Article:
It will only be the third start for the inexperienced Experienced, who was coming gamely in the $100,000 Bald Eagle Derby at Pimlico and finished less than a length behind winner Indian Lake, also entered in the Virginia Derby. Experienced finished more than two lengths ahead of Motion’s Wootton Asset in that key race. The mile-and-a-half Bald Eagle forwarded its top three finishers to the Virginia Derby, an anomaly in this year’s field that has imported horses from eight different states.
“He won nicely first out,” Thomas said of his charge. “I thought he ran very well second out. He got a little unlucky. He just got up and missed. You could make a case had he gotten going a little earlier he would have gotten up to win.”
The old adage “pace makes the race” will be critical for Experienced, Thomas believes.
“I think the main thing for him, he’s a horse that seems to come from out of his races, probably a little pace-dependent,” the trainer said. “It looks like there is pace on paper, but obviously until that happens on the day you don’t know. It’s a big ask. You’re only three once, and he deserves a shot.”
It there is a trainer that exemplifies the Colonial comeback story best, it could be Michael Dickinson who returned to New Kent for the first time since 2007 with two three-year-olds on August 10, winning with both of them.
Joe Rocco, Jr. broke Search for Truth’s maiden by over 11 lengths at a mile and an eighth completely on the front end for Gallaghers Stud. The three-year-old colt drew the rail in the Virginia Derby. Dickinson’s other winner that day was the three-year old filly, Belle Belisa, who will start in the $150,000 Virginia Oaks. She was ridden by Charlie Marquez. Those have been Dickinson’s only starters at Colonial this season, and he isn’t changing jockeys for Tuesday’s card.
Dickinson helped put Colonial Downs on the map in 1998 when he placed his 1996 Breeders’ Cup Mile winner Da Hoss into a legendary allowance win over millionaire John’s Call, the horse’s one and only start between his ’96 BC Mile win and his ’98 BC Mile triumph.
It seems like Dickinson doesn’t forget a favor. He’s returning Rocco to the Virginia Derby mount after the facile maiden-breaker. Rocco guided the Dickinson-trained Bestowed to a win in the 2006 Da Hoss Stakes, the annual stakes run in the name of Dickinson’s Breeder’s Cup winner.
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“The horse is doing well. We’re happy with him, but he should have come out of his last race well because it was relatively easy for him,” observed Dickinson. “It’s a huge step up going from a maiden to a graded stake, huge. You can do it as a two-year old when all the horses have run a race or two, but we’re running against horses that have run six or eight times so we’re giving up a lot of experience.”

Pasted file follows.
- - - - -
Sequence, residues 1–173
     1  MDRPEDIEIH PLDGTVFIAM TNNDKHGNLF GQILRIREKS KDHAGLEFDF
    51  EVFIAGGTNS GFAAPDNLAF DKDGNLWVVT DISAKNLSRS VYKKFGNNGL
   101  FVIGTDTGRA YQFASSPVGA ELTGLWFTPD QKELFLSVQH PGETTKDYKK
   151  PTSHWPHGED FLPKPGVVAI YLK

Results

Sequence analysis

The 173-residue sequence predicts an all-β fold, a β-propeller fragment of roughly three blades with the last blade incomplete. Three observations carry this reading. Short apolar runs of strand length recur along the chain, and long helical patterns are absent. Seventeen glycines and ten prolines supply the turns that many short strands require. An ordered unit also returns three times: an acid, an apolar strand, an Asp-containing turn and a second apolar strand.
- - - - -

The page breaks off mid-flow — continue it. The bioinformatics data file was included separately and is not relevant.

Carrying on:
Dickinson chose to run Da Hoss at Colonial not for fitness, as that could have been done anywhere, but “to run the ring-roughness out of him.” As lightly raced as Search for Truth may be, Dickinson may hope that Search for Truth has moved forward from his ring-roughness with the win earlier in the meet.
“We realize it’s a brave move, bold, and its not going to be easy. It’s a big step up. We hope he runs his race and improves a little from his last race,” wishes Dickinson.
As an aside, Charlie Marquez returns to ride Belle Belisa in the Virginia Oaks. His father Carlos rode Da Hoss in that 1998 allowance win.
The Virginia Derby field includes Eye of the Cat, to be ridden by jockey Horacio Karamanos, who won the 2007 Virginia Derby with Red Giant who set the track record covering the race’s former distance of 1 ¼ miles in 1:59.62. Eye of the Cat (15-1) is trained by Wayne Catalano for Carmen Catizone.
Trainer Doug Matthews will send out Draft Capital (15-1) under Sheldon Russell for Savesnine Corporation. Draft Capital has won fourth straight races this summer at Arlington Park. Slicked Back (12-1), It Can Be Done (10-1), Hard Rye Guy (10-1), Doubleoseven (12-1), Shady McGee (15-1) and Hidden Enemy (8-1) complete the field.
Times have changed since those earlier runnings of the Virginia Derby, but this year’s edition is shaping up to be as compelling as ever.